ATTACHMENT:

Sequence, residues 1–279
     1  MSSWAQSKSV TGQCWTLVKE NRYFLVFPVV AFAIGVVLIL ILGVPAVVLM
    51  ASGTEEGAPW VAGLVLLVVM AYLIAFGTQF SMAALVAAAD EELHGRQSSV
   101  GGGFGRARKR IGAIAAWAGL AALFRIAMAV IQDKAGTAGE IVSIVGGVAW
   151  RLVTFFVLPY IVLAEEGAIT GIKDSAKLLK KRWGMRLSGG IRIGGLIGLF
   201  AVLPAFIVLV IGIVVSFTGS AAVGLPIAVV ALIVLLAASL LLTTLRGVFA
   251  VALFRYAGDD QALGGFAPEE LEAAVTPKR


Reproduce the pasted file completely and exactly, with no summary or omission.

Sequence, residues 1–279
     1  MSSWAQSKSV TGQCWTLVKE NRYFLVFPVV AFAIGVVLIL ILGVPAVVLM
    51  ASGTEEGAPW VAGLVLLVVM AYLIAFGTQF SMAALVAAAD EELHGRQSSV
   101  GGGFGRARKR IGAIAAWAGL AALFRIAMAV IQDKAGTAGE IVSIVGGVAW
   151  RLVTFFVLPY IVLAEEGAIT GIKDSAKLLK KRWGMRLSGG IRIGGLIGLF
   201  AVLPAFIVLV IGIVVSFTGS AAVGLPIAVV ALIVLLAASL LLTTLRGVFA
   251  VALFRYAGDD QALGGFAPEE LEAAVTPKR